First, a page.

I was having a coffee meeting with a new EO Accelerator participant a couple of weeks age and they asked where I got my entrepreneurial spirit from. As I pondered that my initial reaction was that it was always in my blood, from selling chocolate bars as a school fundraiser at age 8; to at age 13 buying African bead necklaces deconstructing them, splitting them up and then reconstructing them to get 25 or 30 from the first one purchased and then selling them; then to running a house painting company in the summers during high school. But my first truly entrepreneurial achievement occurred when I was 23 in 1983 when attending Simon Fraser University studying Kinesiology. I was also working full time as the Intramural Coordinator and having been in that position for just over a year and a half noticed that there was an opportunity to run dances at the school and make some extra cash. There was really only the Pub on campus that provided any entertainment and their big night was on Thursdays – so that meant the weekends were a dead zone. I figured a big dance each semester would be a hit. Here are the Top 3 lessons learned from that first entrepreneurial initiative:
#3: Know Your Market
I know this seems obvious but before I embarked on the venture I did some informal surveys to see what people thought of a dance on campus. It turns out that the Pub’s biggest night was Thursdays because they realized that a majority of the students lived off campus and come the weekend they would not be around – so Thursdays rocked – who couldn’t afford to skip a class or two on Friday morning to sleep off the previous evenings indulgences. My research showed that with enough advance publicity and a good dance band there would be an appetite for a Friday night dance once a semester. This took advantage of the students still being on campus on Friday and left the balance of their weekend open.
#2: Use Underutilized Assets
Since I was in the gym complex I had a good idea of what was scheduled when and there were always gaps in the team’s schedules and seasons where the gyms would not be occupied- and since I was the Intramural Coordinator I could book the gyms without paying any rent! This meant I was able to run the dance in the main gym with the bleachers out and a full basketball court for the dance floor and then in the auxiliary gym – the size of another full basketball curt – set up my bar area. The facilities had enough tarps to cover both gym floors so damage was not a concern. The other asset I had was plenty of student manpower looking to earn a bit of money for an evening of work.
#1: Align the Vision With the Execution
Knowing that I may get queries from others on the campus as to whether the status of the event was sanctioned and therefore a university event or a private event I devised a compensation schedule for everyone involved, from ticket selling, to servers, to bouncers, to set up and take down; was based on a revenue share from the event. So every ticket sold (2,000 per dance!) earned a commission to whoever sold it and every hour worked was documented. Then when the costs were paid for from the event whatever was left over, i.e. the profit, was split evenly by the number of hours worked. This created an alignment for everyone to contribute to drive as high a profit as possible per dance – to not let in friends for free, or serve drinks that were not paid for (although I am sure some of that still happened). But here was the real twist – to keep it onside of the policy of the university no one got paid in cash. A ledger was created that specified how much each person had earned at each dance they worked at and they only could apply for that amount to be paid towards education or conference expenses. So this allowed some of the students to get their tuition fees reimbursed, or attend a a conference that would normally be out of range for them (and yes there were abuses here too – like the two students who found a conference to attend in Daytona Beach, Florida that just happened to coincide with the US Spring Break festivities, but a conference is a conference and I did not play dictator!!!).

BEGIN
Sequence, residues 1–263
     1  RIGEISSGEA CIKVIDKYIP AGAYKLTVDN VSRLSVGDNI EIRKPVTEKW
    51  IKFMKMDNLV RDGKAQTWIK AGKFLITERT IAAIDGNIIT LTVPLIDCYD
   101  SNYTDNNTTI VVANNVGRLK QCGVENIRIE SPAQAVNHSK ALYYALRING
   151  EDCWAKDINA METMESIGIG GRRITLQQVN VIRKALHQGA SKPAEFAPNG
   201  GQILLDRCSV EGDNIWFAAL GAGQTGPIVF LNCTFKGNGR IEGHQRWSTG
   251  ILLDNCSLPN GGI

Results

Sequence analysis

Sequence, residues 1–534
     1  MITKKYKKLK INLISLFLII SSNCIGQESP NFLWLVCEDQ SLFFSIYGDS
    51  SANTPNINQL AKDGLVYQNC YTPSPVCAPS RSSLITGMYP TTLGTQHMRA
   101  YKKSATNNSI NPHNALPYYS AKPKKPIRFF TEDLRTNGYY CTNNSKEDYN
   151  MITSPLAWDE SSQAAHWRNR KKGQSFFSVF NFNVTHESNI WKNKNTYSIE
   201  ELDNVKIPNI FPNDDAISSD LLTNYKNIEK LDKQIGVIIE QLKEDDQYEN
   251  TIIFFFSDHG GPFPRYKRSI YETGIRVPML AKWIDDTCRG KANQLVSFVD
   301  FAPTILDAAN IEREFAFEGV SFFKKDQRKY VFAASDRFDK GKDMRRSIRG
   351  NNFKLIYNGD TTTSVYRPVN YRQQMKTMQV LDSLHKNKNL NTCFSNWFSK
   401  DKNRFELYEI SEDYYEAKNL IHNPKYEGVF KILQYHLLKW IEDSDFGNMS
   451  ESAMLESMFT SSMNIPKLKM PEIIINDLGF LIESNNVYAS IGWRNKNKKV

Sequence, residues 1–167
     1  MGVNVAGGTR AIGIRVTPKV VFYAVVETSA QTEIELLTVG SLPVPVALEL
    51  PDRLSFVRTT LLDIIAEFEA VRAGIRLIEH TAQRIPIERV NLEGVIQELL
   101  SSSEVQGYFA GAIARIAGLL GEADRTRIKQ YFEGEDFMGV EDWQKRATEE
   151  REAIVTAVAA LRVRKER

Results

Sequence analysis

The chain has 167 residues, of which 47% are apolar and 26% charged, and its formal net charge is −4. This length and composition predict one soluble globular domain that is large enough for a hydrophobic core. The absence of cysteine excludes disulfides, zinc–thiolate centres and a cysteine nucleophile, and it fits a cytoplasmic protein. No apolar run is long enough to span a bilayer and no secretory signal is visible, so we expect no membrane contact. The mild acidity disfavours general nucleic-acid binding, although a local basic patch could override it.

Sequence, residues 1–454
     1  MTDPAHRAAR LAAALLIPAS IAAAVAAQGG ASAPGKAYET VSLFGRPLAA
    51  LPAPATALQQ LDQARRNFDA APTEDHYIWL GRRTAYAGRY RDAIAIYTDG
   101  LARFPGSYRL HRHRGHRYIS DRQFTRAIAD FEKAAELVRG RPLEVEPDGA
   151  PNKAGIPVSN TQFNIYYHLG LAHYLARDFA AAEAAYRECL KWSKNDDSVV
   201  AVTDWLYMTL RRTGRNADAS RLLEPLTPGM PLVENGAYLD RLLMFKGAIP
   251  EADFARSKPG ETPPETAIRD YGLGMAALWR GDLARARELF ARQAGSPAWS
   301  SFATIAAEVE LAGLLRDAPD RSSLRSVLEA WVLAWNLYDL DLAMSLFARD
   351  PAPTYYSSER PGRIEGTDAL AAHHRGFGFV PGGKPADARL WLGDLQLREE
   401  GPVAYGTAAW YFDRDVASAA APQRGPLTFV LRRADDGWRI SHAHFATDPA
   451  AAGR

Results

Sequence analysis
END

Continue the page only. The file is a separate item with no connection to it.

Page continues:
BONUS LESSON: Get Creative
One of the problems with being the first event to hold a dance in the gyms was that there was not a stage – and of course you can’t have a dance without the band on a stage. I did the research into the cost of renting staging and it was prohibitively high – so then I did the next best thing, I built a stage. I calculated the square foot area needed and then designed a stage that I could build with materials from the local hardware store and transport in and on top of my Toyota Corolla to the gyms: items like folding table legs, 2×4’s and ¾ inch plywood. I designed the stage so that the plywood that had the table legs fixed to it ran in an opposite direction to a 2nd layer of plywood on top and resulted in all cracks from one layer being completely covered over by the second layer. With an outside wall support of 2×4’s covered by a layer of plywood the whole thing screwed together to one great stage when it was complete. A stage that had all the parts labelled and numbered on a design map that could be put up and taken down in a couple of hours by a couple of guys and stored in one of my Intramural storage areas. The stage paid for itself after the first dance and we used it for 4 more dances. The one unexpected benefit of the stage is that since it was not a “proper industrial design” we always got compliments from the bands as to how “springy” it was, and that gave all of our dances some extra oomph as the band members leapt about. I always was a bit nervous that it may on day collapse – but that never happened!
So there you have it! It is never too young to start an entrepreneurial initiative and never too old to remember back and encapsulate those pivotal lessons!!!